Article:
I recently became aware of a great technique for beating procrastination called the “2-minute rule”. It works like this: if you see something that needs to be done, and it will take you less than 2 minutes to do it, go ahead and do it, don’t put it off until later. It helps to get you motivated by getting you started, and helps to stop the habit of putting things off. After learning about this technique and implementing it in my own life, I found that I was more productive, less overwhelmed about my to-do list, and most things I put off took less time than I thought. The biggest change, however, is how many more things I got done. By doing small two minute tasks throughout the day, I could get large amounts of tasks completed and it never felt overwhelming.
Interestingly enough, this “2-minute rule” can also help us create better code. In the apprenticeship program here at Greater Sum, one of the videos we watch is “Practical Refactoring” by Woody Zuil and Llewellyn Falco. One of the key aspects they talk about in the video is that we always need to be 2 minutes from checking in our code. Don’t make lengthy complicated changes. Don’t try to redesign everything in one go. Making small incremental changes will get us to better code faster than rewriting everything. It also helps if we are working on one project and need to suddenly be pulled away to work on something else. You don’t want to be knee deep in implementing a code overhaul. You want to be 2 minutes away from a stopping point and be able to revisit it later.
How do we implement this technique when dealing with messy and difficult to read legacy code? First, I want to emphasize that we must have tests around any code that we are changing. If we are refactoring code without tests, we are flying blind. Tests help us to be sure that, when we make changes to the structure of our code, we are not changing any of the functionality.
Tests help us to be sure that, when we make changes to the structure of our code, we are not changing any of the functionality.
Approval tests are great for this kind of testing. Approval tests can help us establish what the code is doing and then, make sure that it keeps doing that while we make changes. After we have 100% test coverage, we focus on the three simple rules: remove clutter, remove complexity, and remove cleverness. With these three strategies, we can take the overwhelming task of working with unruly code and create small steps that require almost no brain power at all. Because we are breaking things down into small increments, the task at hand becomes less staggering and we can get more work done. Sound familiar?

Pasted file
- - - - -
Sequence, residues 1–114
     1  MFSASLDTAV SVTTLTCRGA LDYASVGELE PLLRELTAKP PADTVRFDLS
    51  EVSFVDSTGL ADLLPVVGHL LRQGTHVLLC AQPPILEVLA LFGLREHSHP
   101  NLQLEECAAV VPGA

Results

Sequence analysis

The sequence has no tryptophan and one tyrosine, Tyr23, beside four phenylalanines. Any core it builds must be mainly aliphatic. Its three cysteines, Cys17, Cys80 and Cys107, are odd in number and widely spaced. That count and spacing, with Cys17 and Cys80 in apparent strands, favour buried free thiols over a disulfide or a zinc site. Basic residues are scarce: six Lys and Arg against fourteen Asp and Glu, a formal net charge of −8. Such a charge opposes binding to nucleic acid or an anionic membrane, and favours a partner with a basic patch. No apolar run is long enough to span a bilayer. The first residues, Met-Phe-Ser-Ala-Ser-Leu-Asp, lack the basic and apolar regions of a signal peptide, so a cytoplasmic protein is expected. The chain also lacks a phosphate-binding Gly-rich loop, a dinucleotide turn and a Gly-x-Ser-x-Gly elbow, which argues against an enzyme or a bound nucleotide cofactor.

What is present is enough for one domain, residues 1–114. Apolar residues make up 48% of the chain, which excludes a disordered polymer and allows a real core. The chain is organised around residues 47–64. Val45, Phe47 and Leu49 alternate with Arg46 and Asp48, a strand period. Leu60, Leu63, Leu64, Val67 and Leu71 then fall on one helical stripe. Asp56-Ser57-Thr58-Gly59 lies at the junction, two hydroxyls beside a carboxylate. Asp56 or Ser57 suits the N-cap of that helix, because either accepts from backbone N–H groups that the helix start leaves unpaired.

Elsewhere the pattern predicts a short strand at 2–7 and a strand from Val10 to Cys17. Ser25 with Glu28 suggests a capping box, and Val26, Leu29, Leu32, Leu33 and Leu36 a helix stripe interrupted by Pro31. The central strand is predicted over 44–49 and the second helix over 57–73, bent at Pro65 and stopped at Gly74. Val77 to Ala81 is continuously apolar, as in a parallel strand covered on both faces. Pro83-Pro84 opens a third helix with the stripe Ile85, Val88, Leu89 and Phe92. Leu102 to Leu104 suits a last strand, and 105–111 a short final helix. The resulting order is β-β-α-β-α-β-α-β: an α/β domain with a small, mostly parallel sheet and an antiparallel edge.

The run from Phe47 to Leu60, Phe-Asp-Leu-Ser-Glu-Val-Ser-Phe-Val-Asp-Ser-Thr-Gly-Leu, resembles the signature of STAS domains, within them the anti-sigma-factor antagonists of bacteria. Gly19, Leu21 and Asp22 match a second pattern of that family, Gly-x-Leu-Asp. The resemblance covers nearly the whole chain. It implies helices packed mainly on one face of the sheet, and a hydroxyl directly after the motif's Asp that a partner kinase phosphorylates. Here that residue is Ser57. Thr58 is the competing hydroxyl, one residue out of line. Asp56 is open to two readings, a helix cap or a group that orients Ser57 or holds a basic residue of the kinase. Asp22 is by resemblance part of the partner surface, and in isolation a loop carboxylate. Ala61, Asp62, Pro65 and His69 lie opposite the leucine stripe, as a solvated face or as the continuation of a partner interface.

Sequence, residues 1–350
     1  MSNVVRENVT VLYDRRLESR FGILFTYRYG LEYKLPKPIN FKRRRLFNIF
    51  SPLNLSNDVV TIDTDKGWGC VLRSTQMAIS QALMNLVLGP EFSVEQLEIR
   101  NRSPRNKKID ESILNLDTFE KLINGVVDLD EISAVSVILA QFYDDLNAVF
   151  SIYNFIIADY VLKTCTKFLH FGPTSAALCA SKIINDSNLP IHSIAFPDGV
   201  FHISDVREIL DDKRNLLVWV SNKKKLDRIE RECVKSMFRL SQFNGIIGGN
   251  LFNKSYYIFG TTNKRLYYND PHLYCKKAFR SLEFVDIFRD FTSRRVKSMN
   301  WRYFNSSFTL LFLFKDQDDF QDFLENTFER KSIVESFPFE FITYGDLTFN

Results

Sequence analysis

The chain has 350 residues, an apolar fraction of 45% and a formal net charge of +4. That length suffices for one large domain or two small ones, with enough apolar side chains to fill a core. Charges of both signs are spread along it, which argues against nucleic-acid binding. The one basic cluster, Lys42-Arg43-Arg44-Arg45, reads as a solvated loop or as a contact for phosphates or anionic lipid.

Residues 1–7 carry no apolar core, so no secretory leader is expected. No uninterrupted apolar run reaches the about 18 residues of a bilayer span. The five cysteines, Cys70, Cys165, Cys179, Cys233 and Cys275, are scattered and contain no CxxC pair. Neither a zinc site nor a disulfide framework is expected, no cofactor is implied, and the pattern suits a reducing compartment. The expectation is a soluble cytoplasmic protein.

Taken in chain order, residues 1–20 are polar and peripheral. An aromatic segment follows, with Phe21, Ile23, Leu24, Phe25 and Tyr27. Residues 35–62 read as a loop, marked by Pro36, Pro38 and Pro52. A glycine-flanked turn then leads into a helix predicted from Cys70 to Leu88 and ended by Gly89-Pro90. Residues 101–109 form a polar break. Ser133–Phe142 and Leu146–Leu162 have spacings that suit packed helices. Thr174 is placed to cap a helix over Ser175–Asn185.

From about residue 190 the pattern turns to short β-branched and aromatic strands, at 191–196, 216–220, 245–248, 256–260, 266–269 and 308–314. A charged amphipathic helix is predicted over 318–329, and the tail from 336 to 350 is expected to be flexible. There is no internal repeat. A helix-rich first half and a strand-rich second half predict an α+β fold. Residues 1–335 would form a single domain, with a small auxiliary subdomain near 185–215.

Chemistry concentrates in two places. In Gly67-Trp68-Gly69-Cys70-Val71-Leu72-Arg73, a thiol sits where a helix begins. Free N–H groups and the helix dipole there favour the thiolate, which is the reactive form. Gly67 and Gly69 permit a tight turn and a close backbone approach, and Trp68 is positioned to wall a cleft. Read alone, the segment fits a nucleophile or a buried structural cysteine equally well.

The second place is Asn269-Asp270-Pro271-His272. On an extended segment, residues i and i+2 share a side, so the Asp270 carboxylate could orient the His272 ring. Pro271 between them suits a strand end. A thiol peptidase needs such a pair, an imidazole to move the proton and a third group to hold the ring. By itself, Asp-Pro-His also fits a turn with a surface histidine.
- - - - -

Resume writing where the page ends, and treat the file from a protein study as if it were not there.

Let’s start with the first task, removing clutter. What is clutter in your code? According to Woody and Llewellyn, clutter includes comments, dead code, unformatted code, and unnecessary code. Llewellyn recalls an experience where he deleted 47 thousand lines of code in one week just by removing clutter. This created an enormous impact on his workload going forward. Originally the code base was 80 thousand lines of code. When we are trying to read and understand a piece of legacy code with 47K lines of clutter, it’s going to take us that much longer to figure out what is clutter and what is really working code. If we can eliminate this clutter, the result is cleaner code that is easier to read and understand. (Read our blog post on comments to better understand why we think comments are unnecessary clutter in your code)
The second task at hand is to remove complexity. Some examples of complexity in our code include bad names, long methods, deep conditionals, magic numbers, improper variable scoping, missing encapsulation, and obscure code blocks. When we are removing complexity in our code, it’s important to remember we are not trying to “understand the code”. We are making small changes. Trying to understand the code is ineffective when you’re refactoring.
it’s important to remember we are not trying to “understand the code”. We are making small changes. Trying to understand the code is ineffective when you’re refactoring.
It takes too much time. if you make these small changes, eventually you’ll get to a point where you can just read it, and you will understand it much more easily.
The last step is to remove cleverness. Sometimes we think cleverness is a good thing. After all, a three line solution is better than a 15 line solution, right? Often the problem with this type of thinking is that if your three line solution is so clever that it’s impossible for the next developer to tell what is going on, (or worse, if you have to write a comment to explain how it works) then it is not well-written code. Clean code is easy to read and understand. As developers, we spend a lot of time reading and trying to understand code. We should write code that is easy to read and understand and cleverness undermines that, so removing cleverness is important. Some examples of cleverness in our code might be cryptic code, abbreviated code, or hijacking a method.
After we’ve completed all three of these steps, our code should be in a much better state than when we found it. It will be much easier to understand and hopefully easier to make changes to. I hope you can find some value in this technique as I have. If you’d like to practice some of these refactoring techniques check out the links I’ve listed to some coding Katas. Have fun and happy coding!